These human rights are the minimum and basis and must be made available to every man as a human being irrespective of his race, religion, language, place of birth, political belief and the form of governmet under which he lives. These are for the welfare of the mankind.
Necessity of Human Rights
No man can seek the fullest development of his life in the absence of rights. Today all democratic governments provide for maximum rights and liberties for their members and they are generally declared through the constitution and are called fundamental right. But upto 17th Century very few rights and liberties were allowed to the people by the rulers. In the middle ages no importance was attached to the individual, his wisdom, his discretion, his dignity and creative potential. The individual was considered slave, completely under the control of the political and religious authorities. He was supposed to do only what he was asked to do and was not allowed to exercise his discretion and free will. During the Feudal age, the common man or the serf was not free even in his domestic and family affairs.
In almost all societies, sooner or later, voice was raised by the people against this attitude towards the man, against political, economic, social and cultural oppression, against injustice and inequalities and for the recognition of some rights an liberties which the human beings are entitled to.
In the last quarter of the 18th Century revolutionary movements were launched to overthrow the despotic and authoritarian regimes. The necessity of some inalienable and sacred rights of man and their universal recognition was the basis of these struggle. The socialist movements which emerged as a reaction of individualism and policy of non-interference in the economic field also highlighted the necessity of some basic rights of man.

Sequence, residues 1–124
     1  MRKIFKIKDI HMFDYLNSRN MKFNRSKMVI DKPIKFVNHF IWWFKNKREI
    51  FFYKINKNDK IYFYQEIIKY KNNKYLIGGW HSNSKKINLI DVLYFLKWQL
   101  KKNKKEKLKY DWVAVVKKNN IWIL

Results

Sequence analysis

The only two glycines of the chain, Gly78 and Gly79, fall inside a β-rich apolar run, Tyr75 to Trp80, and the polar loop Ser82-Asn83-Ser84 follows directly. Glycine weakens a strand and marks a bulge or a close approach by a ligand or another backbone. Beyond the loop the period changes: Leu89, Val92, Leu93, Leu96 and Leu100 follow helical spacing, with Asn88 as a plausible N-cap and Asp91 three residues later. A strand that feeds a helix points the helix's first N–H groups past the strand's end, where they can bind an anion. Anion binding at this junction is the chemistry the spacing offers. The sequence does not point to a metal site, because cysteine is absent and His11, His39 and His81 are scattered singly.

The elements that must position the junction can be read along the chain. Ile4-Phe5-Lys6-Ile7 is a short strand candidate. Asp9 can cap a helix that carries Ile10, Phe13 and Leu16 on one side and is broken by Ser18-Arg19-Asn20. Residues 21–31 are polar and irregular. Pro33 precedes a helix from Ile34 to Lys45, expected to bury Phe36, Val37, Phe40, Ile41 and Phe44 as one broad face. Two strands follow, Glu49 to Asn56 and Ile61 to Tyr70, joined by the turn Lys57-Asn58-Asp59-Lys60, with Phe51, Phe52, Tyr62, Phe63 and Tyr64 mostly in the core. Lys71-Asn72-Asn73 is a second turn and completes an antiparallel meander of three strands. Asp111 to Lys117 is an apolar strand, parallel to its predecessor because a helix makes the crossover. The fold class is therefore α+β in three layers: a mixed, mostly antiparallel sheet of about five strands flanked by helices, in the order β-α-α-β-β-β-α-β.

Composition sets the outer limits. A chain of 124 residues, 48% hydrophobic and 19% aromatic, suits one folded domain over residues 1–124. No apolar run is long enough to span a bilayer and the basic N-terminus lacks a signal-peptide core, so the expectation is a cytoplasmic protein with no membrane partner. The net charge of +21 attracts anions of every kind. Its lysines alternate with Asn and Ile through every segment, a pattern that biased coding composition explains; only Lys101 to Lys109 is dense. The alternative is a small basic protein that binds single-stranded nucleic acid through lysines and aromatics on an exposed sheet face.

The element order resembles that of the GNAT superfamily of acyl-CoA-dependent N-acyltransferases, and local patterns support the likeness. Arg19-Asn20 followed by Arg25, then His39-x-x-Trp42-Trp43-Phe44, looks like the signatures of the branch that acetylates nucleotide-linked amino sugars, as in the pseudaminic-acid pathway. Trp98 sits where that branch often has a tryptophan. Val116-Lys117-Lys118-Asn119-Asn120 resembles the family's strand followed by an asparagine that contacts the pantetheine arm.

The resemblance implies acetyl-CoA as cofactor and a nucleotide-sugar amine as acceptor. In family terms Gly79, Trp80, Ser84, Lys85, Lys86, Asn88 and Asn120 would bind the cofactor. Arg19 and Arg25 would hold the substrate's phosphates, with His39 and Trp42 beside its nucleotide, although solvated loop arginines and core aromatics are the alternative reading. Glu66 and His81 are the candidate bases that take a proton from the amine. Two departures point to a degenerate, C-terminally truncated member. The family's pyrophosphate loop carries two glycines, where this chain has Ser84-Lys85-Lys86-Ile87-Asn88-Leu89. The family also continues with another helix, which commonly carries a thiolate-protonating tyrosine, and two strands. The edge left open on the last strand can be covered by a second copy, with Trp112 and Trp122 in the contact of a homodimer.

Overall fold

The National Assembly of France in its Declaration of the Rights of Man and Citizen clearly emphasised upon the necessity and importance of human rights when it said “…Considering that ignorance, disregard or contempt of the rights of man are the sole causes of public misfortunes and governmental corruption have resolved to set forth a solemn declaration of the natural, inalienable and sacred rights of man.”
Thus the necessity of some inalienable human rights and their universal recognition had fully gained ground and it found its way in the Charter of the United Nations in the 20th century and paved the way for the Universal Declaration of Human Rights.
Importance of Human Rights
Importance of Human Rights is supported by the following facts :

  • Human Rights aim at the welfare and development of the whole mankind. The human rights will enable every human being to attain the fullest development of his life and this would result in development of the whole world.
  • Human Rights are based on the belief that all nations—big or small—are equal. It promotes universal brotherhood and peace and security. The concept of Human Rights encourages nations not to adopt the policy of imperialism and colonialism.
  • The concept of Human Rights is based upon the belief that no man should be subject to exploitations of any kind, political, social, economic or cultural and that every human beings has the inalienable rights of life, liberty and security, irrespective of his race, creed, language, place of both ad political views.
  • The concept of Human Rights encourages the renunciation of policy of war and promotes world peace and spirit of universal cooperation and welfare. Human Rights would result in the end of atmosphere and fear of war.
  • It promotes universal, social, economic and cultural development.
  • Observance or implementation of Human Rights would result in all round development of the mankind.
  • Human Rights are based on the concept of equality, that all men are equal and they are entitled to enjoyment of some basic rights, liberties and opportunities of development of life on the basis of equality.